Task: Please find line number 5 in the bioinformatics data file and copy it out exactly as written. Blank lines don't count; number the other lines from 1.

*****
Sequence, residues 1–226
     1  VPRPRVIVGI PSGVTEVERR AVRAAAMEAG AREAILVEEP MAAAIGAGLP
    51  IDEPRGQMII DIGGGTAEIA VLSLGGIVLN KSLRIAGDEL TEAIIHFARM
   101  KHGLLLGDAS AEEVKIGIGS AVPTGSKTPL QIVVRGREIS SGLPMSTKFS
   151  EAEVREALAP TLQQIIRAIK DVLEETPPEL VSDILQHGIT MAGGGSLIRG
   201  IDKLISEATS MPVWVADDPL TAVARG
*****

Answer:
   151  EAEVREALAP TLQQIIRAIK DVLEETPPEL VSDILQHGIT MAGGGSLIRG